Robert Weaver Appointed To a Presidential Cabinet

[wp_ad_camp_1]1966 – First Black Appointed To a Presidential Cabinet
Robert Weaver became the first Black appointed to a presidential cabinet when he was named to serve as the Secretary Department of Housing and Urban Development President Lyndon B. Johnson. The department was newly created and he was thus its first Head.

[wp_ad_camp_2]Weaver grew up in Washington, D.C. and graduated from what is now known as Paul Dunbar High School. He then entered Harvard University from which a B.S., an M.A. and a Ph.D. in economics. He served as an advisor to President Franklin Roosevelt and was named to direct federal New Deal programs. He was appointed Administrator of the Housing and Home Finance Administration by President Kennedy and then selected by Johnson to become a member of his cabinet. He later became the President of  Baruch College in New York City in1969 and then became a professor of Urban Affairs at Hunter College in New York. Weaver died on July 17, 1997.


Martin Luther King Stamp - blackhistorymoments.com1979 – Martin Luther King, Jr. stamp issued
A commemorative stamp of Martin Luther King, Jr. is issued by the U.S. Postal Service on January 1, 1979. The stamp is a part of the USPS Black Heritage USA commemorative series. The Dr. King stamp was the second in the series, the first having honored  Underground Railroad conductor Harriet Tubman issued a year prior.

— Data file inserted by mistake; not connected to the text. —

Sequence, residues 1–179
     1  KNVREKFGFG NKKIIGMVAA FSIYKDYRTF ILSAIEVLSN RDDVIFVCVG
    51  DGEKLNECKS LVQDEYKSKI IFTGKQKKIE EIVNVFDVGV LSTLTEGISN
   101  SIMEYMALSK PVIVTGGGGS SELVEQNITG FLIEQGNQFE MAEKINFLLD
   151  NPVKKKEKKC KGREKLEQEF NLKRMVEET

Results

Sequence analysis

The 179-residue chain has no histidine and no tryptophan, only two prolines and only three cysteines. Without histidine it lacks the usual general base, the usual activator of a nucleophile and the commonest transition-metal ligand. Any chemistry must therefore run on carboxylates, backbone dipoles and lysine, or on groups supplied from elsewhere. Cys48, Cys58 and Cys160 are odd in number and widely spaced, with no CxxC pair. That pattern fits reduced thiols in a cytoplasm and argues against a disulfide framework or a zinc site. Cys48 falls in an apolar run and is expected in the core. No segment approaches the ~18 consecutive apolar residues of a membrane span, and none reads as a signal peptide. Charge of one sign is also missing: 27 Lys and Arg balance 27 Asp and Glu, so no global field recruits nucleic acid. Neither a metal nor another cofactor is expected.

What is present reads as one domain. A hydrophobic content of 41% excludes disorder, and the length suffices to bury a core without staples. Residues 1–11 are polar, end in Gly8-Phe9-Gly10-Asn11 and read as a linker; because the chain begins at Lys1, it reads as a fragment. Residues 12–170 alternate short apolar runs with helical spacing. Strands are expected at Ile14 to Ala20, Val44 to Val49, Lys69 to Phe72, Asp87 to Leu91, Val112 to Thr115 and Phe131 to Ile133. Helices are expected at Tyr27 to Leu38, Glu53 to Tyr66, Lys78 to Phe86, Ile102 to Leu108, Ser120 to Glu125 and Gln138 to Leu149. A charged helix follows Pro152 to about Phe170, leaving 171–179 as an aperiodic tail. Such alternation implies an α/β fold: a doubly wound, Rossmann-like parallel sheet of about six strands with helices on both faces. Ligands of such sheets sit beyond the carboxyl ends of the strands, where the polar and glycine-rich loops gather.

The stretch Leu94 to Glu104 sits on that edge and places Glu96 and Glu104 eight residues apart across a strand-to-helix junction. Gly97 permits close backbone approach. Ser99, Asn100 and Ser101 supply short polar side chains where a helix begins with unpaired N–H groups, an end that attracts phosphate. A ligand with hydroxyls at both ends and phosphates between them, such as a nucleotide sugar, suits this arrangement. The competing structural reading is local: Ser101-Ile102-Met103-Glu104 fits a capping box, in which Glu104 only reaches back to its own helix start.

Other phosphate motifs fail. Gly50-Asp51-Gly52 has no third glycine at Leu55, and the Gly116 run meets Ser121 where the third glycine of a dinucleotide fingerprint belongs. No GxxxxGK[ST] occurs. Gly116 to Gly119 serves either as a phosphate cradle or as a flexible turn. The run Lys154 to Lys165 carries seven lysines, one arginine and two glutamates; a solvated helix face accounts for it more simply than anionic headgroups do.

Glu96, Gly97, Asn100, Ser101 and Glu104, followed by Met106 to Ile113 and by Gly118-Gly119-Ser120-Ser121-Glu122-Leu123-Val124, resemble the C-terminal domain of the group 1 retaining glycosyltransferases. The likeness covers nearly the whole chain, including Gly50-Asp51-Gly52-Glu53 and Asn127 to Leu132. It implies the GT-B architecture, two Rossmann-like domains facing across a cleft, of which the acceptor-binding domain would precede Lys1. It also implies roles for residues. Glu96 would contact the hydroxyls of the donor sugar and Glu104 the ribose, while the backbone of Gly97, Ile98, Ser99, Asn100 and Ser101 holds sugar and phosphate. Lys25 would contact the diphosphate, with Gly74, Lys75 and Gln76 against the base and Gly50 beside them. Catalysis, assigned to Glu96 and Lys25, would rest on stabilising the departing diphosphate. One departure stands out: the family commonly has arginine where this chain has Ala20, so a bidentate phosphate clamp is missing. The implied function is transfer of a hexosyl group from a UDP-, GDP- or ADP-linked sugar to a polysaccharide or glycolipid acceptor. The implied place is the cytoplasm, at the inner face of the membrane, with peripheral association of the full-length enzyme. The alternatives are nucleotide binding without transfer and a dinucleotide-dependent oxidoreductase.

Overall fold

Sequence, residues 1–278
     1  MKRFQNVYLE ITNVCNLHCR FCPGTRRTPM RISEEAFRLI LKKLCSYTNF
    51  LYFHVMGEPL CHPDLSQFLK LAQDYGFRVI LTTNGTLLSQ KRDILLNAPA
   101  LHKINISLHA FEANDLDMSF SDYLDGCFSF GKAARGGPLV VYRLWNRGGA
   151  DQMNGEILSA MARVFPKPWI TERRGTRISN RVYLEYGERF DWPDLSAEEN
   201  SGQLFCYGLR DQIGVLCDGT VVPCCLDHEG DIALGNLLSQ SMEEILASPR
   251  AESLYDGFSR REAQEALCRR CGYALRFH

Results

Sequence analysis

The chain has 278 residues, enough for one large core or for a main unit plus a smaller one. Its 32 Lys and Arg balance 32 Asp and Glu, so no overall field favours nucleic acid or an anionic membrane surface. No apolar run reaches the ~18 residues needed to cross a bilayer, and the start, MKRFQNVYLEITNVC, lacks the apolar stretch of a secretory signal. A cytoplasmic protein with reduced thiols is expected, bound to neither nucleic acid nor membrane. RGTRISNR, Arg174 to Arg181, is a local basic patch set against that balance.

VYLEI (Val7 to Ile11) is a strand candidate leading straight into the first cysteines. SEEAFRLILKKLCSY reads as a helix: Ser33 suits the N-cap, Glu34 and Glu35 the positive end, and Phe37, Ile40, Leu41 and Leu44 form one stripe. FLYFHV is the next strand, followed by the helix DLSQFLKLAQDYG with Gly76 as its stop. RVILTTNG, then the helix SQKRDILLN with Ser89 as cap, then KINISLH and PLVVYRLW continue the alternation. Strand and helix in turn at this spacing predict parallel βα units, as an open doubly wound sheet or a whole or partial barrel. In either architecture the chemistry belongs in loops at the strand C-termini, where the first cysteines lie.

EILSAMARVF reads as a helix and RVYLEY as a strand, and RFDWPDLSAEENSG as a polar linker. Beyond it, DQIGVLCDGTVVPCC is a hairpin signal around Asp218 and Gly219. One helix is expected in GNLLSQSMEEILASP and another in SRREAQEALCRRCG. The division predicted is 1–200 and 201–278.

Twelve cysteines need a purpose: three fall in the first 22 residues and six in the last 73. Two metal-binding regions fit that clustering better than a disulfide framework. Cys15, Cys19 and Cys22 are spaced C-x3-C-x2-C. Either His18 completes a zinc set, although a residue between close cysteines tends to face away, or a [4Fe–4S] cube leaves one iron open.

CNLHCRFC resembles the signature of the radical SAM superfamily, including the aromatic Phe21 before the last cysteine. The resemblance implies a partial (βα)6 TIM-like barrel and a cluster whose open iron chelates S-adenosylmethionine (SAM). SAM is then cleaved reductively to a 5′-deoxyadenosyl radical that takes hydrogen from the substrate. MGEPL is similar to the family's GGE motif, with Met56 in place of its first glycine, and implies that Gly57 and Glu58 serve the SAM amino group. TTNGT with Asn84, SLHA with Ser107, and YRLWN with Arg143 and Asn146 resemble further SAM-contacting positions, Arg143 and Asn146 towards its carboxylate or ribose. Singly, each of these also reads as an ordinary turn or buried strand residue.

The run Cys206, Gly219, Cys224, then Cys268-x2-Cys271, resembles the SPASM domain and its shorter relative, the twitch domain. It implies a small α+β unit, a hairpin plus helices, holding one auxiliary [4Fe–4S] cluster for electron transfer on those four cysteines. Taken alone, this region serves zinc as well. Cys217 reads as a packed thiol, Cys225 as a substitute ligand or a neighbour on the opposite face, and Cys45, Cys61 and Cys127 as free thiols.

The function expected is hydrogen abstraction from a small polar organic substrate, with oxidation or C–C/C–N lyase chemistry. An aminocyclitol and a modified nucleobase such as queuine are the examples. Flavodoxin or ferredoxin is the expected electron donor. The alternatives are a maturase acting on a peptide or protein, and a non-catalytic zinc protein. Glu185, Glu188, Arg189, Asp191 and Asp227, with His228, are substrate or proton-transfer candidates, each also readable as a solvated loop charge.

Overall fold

1873 – P.B.S. Pinchback Steps Down.
P.B.S. Pinchback relinquished the office of Governor of Louisiana. Pinchback assumed the governorship while serving as the Lieutenant Governor when impeachment charges were filed against the incumbent Republican governor, Henry Clay Warmoth. Pinchback served for 35 days, finishing out Warmoth’s term. Pinchback was the 24th Governor of the state.


1913 – Delta Sigma Theta Founded.
Delta Sigma Theta Sorority, Inc. was founded on this date in 1913by 22 Howard University undergraduate students who had earlier been initiated into Alpha Kappa Alpha. The 22 members were unhappy with the direction AKA was moving in and formed and incorporated a new sorority. The sorority now has more than 1,000 chapters and more than 300,000 members.